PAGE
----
Monday, September 29, 2008

Dumping the Pump

After more than a year of sticking my "please do not disturb" post-it on my office door 2 or three times a day, I'm officially retiring my breastpump. I hadn't yet given much thought to when I'd stop pumping when, a week ago, Violet decided she was done drinking breastmilk any way other than straight from the source.

She was never much for the bottle to begin with. We waited to introduce one until she was six or eight weeks old, and Eric's initial overtures with it were not well received. She refused to take a bottle the entirety of my maternity leave, and we worried about whether she'd be more willing once she was in daycare. I went back to work when she was three months old, and getting her settled there went more smoothly than I ever could have hoped. But she still refused to take a bottle. She wasn't upset about it, she just wouldn't eat.

Fortunately, my employer is family-friendly, and supported me as I worked around Violet's preference for nothing but the breast. I'd nurse her there at the daycare immediately before going in to work, and return at lunch time to a happy (but hungry!) baby. After lunch she'd hold out until I returned at the end of the day when we'd sit down and nurse before heading home. She made up for any missed milk when we were together at night.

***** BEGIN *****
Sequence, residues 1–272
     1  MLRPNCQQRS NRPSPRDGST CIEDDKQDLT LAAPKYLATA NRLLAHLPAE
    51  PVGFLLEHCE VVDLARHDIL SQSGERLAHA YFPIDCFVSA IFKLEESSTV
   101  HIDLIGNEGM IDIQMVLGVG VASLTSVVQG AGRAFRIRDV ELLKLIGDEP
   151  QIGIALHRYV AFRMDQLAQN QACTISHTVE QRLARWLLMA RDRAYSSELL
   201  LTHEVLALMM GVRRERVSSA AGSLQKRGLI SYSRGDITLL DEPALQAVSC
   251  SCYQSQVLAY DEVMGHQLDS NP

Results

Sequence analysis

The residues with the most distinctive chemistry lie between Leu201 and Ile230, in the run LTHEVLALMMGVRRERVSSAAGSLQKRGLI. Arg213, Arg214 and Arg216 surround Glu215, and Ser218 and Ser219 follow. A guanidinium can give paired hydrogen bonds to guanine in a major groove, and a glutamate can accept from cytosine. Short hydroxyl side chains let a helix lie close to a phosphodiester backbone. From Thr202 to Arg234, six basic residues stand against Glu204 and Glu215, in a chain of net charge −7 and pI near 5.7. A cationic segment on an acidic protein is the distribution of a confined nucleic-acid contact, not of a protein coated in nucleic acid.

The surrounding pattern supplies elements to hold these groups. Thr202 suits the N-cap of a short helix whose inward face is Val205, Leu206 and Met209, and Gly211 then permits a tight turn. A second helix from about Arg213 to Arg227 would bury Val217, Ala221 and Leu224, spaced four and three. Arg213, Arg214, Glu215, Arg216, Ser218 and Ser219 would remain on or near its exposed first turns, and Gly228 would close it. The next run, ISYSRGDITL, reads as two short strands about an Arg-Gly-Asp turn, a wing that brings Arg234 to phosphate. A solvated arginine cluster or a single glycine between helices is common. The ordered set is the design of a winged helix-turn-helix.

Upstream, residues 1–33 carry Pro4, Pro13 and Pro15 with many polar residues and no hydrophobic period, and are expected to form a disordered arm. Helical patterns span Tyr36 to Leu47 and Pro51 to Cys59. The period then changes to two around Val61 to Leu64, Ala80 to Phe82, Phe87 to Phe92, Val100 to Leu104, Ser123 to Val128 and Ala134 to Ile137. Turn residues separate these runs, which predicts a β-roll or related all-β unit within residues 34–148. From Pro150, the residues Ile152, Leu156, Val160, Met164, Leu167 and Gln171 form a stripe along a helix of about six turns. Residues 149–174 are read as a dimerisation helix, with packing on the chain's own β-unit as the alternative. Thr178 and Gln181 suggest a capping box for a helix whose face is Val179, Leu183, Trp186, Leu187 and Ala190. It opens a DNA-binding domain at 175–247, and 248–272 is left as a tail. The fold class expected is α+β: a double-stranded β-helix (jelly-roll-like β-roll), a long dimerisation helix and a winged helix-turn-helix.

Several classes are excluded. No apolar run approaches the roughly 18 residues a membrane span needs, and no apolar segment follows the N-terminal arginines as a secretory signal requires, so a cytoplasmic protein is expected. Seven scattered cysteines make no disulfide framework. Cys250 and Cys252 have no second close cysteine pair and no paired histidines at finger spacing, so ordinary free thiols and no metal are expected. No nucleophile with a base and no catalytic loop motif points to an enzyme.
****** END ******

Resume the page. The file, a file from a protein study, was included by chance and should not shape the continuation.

She stuck with this schedule for a couple of months, while her caregivers at daycare continued to gently encourage her to accept a bottle. Once she did, she never took more than 4 ounces at a time - and usually only an ounce or two. Just enough, it seemed, to stave off hunger for a little while longer.

Since Violet was never particularly attached to the bottle, I probably shouldn't have been so surprised when she decided she was done with it. She refused it from her sippy cup, too, waiting for the milk in the cup to be replaced with water before drinking. Wanting to be certain, I kept pumping all last week while we waited to see if she changed her mind. She didn't. So I packed up the pump, and worked all day through today without taking a break to pump. I could get used to this.

I don't know of any woman who loves to pump, and I certainly didn't, but I'm glad that I did it. I'm happy to have kept her exclusively breast-fed for more than six months despite being separated during the day, and to have continued to supply her with my milk to drink while we were apart as long as I have. She'll continue to get the benefits of breastmilk as we continue nursing whenever we're together; she's shown no sign of losing interest in that! And I'm looking forward to being done with dragging the pump to the office every day, (don't laugh) deleting my freezer stash spreadsheet, and getting back to the best parts of the nursing relationship: when she is snuggled into me and looks up and smiles. Or waves her foot in my face. Those are some of my favorite motherhood moments so far.

Wednesday, September 24, 2008

Sunday, September 21, 2008